What is trauma?  

Trauma are experiences or events that occur during one’s life cause extreme amounts of stress and that are emotionally distressing.  In children, traumatic events are also called Adverse Childhood Experiences (ACES). 

ACEs can include physical, sexual and emotional abuse, physical and emotional neglect, witnesses of domestic violence, drug use in the household, household mental illness, parental separation or divorce and an incarcerated household member. 


How does trauma affect children? 

According to a study by the CDC, a child who has experience one or more Adverse Childhood Experiences (ACES) can be at a much greater risk for substance use disorders, mental illness, slow brain growth, tobacco use, prescription drug use and risk of early use of alcohol.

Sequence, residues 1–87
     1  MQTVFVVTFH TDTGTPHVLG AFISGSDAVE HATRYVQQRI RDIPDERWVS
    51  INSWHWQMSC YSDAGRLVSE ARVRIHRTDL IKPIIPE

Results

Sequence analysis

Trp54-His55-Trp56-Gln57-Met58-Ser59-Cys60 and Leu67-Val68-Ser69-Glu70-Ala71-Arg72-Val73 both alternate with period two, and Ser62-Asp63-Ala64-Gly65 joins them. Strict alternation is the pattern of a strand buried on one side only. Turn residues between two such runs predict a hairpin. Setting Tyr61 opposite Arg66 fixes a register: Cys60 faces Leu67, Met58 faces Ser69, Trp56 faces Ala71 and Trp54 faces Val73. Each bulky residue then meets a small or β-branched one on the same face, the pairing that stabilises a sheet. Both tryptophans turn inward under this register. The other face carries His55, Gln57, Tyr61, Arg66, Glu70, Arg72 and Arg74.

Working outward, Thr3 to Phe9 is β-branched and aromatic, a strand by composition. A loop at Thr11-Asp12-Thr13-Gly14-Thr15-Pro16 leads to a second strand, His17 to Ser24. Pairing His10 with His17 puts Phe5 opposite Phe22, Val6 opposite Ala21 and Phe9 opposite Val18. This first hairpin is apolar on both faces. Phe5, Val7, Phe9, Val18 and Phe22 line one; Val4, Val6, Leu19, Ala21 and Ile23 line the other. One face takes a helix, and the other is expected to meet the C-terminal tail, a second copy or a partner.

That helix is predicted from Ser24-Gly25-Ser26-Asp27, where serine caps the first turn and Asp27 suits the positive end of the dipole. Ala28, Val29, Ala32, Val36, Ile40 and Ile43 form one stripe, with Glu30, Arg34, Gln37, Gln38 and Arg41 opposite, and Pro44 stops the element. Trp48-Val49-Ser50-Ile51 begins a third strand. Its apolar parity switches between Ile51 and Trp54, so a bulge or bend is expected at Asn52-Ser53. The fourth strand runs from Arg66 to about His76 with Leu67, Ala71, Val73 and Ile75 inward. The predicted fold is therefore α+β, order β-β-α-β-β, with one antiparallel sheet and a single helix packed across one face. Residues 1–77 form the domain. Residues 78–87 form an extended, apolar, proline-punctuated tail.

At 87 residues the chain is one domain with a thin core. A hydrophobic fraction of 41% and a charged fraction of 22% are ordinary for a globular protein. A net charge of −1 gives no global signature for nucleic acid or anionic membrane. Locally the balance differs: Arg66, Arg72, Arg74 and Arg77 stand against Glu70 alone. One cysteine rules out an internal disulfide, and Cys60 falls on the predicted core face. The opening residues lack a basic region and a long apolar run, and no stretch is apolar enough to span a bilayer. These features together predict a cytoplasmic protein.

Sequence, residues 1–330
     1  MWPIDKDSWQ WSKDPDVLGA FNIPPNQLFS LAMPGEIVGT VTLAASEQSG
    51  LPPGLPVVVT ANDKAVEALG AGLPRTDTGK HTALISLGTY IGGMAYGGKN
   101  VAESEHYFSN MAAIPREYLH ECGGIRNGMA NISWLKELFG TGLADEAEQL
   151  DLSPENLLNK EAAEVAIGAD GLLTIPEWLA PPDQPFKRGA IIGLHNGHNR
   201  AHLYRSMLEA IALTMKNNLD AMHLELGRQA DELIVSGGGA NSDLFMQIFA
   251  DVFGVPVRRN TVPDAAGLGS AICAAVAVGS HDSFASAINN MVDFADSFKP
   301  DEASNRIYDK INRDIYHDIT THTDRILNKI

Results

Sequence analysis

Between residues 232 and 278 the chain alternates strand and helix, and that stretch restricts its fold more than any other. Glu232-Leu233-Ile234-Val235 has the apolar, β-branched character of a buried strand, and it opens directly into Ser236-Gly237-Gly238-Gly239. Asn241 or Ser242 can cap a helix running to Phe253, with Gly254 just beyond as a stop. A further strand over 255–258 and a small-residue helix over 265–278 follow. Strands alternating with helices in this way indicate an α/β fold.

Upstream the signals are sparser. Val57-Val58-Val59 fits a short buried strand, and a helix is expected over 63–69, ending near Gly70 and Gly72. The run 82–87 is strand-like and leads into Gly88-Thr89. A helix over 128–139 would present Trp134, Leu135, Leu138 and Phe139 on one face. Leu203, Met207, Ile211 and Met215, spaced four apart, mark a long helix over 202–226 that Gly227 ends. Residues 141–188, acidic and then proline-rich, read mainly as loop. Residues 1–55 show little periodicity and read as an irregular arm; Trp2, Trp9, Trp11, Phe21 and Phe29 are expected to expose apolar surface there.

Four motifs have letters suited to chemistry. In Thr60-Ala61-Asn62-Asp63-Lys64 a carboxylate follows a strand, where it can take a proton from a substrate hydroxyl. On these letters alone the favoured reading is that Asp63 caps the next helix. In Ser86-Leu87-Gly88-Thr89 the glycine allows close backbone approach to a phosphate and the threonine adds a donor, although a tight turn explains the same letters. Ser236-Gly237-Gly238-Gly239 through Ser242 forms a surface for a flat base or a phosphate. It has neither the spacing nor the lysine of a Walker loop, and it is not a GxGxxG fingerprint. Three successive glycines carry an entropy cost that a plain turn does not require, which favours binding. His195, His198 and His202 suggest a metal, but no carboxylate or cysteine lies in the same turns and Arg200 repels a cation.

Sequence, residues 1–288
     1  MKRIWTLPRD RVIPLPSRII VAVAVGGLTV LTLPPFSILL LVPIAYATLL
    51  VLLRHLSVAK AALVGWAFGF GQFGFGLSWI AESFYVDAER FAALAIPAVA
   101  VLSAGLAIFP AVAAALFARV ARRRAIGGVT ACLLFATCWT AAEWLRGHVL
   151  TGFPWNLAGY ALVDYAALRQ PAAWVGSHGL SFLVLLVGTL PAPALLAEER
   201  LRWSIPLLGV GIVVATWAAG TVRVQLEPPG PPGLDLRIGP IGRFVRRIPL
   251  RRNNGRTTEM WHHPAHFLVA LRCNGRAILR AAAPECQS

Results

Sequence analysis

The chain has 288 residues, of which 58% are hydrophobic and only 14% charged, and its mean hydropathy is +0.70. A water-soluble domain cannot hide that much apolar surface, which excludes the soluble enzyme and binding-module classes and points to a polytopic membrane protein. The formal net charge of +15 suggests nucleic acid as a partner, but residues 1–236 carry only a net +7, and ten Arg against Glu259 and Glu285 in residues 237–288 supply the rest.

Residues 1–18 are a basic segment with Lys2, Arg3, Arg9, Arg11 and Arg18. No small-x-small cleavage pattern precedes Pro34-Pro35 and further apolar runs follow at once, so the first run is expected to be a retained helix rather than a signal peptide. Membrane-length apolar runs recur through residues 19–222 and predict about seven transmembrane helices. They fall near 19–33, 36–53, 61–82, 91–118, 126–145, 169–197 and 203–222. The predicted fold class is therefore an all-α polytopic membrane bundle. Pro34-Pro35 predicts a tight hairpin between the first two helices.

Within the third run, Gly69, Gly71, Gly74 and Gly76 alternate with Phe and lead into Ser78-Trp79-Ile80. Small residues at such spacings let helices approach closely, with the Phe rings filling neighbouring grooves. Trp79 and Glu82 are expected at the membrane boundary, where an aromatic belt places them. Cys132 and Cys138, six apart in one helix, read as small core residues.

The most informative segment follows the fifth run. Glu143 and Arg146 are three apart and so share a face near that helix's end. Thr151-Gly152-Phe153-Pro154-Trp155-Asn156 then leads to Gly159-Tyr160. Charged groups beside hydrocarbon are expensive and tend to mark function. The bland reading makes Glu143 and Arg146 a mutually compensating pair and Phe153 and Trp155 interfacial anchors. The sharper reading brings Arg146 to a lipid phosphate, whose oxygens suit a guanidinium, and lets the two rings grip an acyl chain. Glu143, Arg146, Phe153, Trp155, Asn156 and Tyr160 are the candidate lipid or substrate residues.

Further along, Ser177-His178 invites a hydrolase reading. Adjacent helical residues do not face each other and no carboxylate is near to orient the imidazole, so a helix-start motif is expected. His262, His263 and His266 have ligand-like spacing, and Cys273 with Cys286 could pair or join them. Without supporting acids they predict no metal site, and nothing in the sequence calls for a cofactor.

Research has also found that children who experience multiple ACES are at a higher risk of suicide attempts, depression, sleep disturbances, high-risk sexual behaviors and fetal mortality.  


But, we can help! 

Research has also shown that the sooner that children receive services to process their traumatic experience, the healthier their futures are. In fact, we now know that our brains are constantly changing even through adulthood through neuroplasticity and resiliency. 



So, what should you do if you or child has experienced a traumatic event? 

Reach out for help! Click here to go to our resources page for local community services.